• In the week of the formal launch of the UK general election campaign, with NHS policies set to take centre stage, The BMJ publishes an analysis article looking at politicians’ pledges on access to primary care. Thomas E Cowling and colleagues go behind the rhetoric and look at the evidence on getting a GP appointment.
The political promises include a Conservative Party pledge that everyone in England will be able to see a general practitioner between 8 am and 8 pm, seven days a week, by 2020 if the Conservative Party is re-elected to government, and a Labour Party pledge to guarantee a GP appointment within 48 hours.
But Cowling and colleagues say that the pledges are unlikely to be achieved within a parliamentary term, that the public should question the pledges, that the likely effects of proposed changes in access to general practice are unclear, and that any policies should be independently evaluated in pilot studies before wide implementation.
•Meanwhile, emergency medicine trainee Sophie Hardy asks in an editorial why it is so difficult to learn from major incidents in England. “Reporting the results of every intervention is becoming the norm in medicine and provides an excellent basis for medical advancement and quality control,” she writes. “But major incidents have so far escaped this scrutiny . . . Our understanding of major incidents and how best to respond to them is therefore limited.”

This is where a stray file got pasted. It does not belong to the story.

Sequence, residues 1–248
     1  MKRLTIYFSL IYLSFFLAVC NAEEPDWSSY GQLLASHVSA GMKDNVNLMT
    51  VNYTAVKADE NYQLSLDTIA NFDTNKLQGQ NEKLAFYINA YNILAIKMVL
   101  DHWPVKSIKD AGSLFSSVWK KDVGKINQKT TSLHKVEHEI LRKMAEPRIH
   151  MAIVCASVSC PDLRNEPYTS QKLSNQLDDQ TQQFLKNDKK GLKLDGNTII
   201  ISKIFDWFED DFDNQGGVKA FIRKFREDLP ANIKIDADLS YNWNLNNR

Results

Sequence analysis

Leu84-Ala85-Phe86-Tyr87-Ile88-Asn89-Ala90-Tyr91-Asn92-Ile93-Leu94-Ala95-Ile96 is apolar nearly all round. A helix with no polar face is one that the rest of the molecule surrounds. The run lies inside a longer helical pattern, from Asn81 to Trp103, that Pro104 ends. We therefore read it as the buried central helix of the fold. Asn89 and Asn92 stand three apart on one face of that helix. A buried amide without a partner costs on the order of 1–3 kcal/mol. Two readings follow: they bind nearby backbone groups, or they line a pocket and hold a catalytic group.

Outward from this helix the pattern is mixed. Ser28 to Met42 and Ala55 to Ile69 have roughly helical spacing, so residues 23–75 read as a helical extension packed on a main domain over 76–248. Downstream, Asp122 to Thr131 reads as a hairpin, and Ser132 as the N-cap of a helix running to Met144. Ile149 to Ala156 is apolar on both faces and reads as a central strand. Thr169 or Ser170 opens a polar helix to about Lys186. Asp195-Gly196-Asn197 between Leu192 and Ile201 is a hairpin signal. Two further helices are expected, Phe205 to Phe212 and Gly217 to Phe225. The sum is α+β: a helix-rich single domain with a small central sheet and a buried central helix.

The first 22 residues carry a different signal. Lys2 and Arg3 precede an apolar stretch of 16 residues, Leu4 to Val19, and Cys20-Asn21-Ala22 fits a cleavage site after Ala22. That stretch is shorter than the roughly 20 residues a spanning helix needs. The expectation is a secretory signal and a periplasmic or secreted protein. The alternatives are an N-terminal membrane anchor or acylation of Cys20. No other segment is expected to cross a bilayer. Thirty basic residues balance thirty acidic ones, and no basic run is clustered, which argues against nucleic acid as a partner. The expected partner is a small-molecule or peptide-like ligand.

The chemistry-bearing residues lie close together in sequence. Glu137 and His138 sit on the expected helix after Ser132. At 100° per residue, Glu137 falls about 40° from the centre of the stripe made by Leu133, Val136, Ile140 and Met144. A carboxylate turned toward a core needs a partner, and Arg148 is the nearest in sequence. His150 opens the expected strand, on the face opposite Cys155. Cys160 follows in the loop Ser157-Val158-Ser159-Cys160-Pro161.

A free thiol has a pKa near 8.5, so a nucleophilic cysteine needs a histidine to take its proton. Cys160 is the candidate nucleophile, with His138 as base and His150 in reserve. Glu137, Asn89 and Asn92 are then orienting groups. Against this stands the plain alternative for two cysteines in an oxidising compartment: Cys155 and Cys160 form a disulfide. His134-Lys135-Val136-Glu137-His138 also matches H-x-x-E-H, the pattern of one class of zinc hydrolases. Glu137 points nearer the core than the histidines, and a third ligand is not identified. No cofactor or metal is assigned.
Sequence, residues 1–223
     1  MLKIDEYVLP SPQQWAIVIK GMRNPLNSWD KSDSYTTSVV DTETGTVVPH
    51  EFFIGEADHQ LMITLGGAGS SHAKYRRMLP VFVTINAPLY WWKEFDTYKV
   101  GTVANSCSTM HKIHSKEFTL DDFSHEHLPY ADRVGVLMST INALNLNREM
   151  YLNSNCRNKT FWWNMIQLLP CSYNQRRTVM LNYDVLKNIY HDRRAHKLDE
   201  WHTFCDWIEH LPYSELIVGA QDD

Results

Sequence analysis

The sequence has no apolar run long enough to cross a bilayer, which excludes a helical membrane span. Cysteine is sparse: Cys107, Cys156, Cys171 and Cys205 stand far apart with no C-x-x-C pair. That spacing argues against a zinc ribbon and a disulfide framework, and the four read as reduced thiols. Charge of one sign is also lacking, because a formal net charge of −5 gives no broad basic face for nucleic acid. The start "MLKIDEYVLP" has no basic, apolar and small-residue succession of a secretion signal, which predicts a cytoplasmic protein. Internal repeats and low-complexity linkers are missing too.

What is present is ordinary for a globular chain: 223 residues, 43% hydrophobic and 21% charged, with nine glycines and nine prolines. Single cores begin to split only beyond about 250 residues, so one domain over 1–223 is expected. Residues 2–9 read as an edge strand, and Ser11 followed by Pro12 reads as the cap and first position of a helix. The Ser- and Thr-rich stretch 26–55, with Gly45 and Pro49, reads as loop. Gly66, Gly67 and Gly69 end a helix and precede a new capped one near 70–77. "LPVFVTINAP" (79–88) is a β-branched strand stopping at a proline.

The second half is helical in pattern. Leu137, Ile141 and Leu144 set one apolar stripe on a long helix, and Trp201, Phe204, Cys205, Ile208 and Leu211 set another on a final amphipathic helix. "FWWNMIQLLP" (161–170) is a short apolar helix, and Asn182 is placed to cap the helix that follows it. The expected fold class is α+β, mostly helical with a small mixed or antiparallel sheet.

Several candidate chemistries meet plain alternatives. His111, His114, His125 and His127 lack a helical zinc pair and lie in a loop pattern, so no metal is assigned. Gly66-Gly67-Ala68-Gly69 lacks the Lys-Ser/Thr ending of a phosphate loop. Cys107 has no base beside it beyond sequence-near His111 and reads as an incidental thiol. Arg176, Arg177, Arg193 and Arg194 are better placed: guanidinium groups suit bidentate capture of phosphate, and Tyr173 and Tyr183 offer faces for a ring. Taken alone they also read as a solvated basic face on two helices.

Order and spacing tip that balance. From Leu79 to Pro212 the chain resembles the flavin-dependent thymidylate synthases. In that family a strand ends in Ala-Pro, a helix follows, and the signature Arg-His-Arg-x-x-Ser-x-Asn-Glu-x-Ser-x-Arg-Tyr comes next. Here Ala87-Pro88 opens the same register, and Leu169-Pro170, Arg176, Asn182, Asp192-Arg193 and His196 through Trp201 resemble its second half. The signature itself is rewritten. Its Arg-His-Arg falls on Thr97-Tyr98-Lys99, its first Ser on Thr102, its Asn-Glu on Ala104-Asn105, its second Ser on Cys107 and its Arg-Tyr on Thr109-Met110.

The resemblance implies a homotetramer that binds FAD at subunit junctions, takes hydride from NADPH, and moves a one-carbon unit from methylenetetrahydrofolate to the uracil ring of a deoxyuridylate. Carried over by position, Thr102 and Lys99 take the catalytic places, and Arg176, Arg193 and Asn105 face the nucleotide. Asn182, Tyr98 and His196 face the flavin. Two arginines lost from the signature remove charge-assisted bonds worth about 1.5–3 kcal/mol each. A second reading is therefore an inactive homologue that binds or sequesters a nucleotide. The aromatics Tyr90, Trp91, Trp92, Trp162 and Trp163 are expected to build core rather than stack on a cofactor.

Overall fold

At the root of this problem is lack of data, she says, describing an incident from her own experience. “I was on duty in the emergency department at the main receiving hospital for a major incident in Kent after a 200 car pile-up. When I tried to write up the incident, I found it difficult to obtain the information I needed. A review of the literature indicated that others have encountered similar problems and as a result, little formal documentation exists for the majority of major incidents that have occurred in England or, indeed, worldwide. For example, most of the 108 major incidents occurring in Britain during 1968-96 were unreported in the medical literature.”
Political sensitivity comes into Hardy’s analysis: “Various government and private organisations are responsible for preparing for major incidents, and if the response is deemed inadequate, they may worry about being blamed. There is a reluctance to share information because it could threaten votes, funding, and employment.”
Hardy concludes that we can “analyse, compare, and learn from previous incidents” by “improving data collection, having better access to these data, introducing a standardised reporting structure, and establishing an open access, centralised database for recording and reporting each major incident that occurs.”
Trevor Jackson is deputy editor, The BMJ.